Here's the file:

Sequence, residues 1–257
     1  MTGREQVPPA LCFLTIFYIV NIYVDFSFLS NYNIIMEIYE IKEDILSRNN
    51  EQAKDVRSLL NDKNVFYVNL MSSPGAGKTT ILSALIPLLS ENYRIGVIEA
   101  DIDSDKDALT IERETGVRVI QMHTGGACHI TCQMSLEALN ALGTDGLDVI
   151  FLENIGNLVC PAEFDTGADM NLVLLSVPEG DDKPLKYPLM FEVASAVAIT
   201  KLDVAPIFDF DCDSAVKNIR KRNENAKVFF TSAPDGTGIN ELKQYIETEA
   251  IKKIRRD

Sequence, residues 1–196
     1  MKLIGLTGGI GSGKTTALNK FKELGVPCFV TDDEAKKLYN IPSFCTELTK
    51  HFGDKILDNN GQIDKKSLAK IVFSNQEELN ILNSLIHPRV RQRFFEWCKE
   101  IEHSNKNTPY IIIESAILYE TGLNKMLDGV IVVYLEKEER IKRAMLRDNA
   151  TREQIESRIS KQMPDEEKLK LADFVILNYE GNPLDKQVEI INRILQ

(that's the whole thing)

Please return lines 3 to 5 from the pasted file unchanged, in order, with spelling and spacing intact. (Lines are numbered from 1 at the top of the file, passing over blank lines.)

    51  EQAKDVRSLL NDKNVFYVNL MSSPGAGKTT ILSALIPLLS ENYRIGVIEA
   101  DIDSDKDALT IERETGVRVI QMHTGGACHI TCQMSLEALN ALGTDGLDVI
   151  FLENIGNLVC PAEFDTGADM NLVLLSVPEG DDKPLKYPLM FEVASAVAIT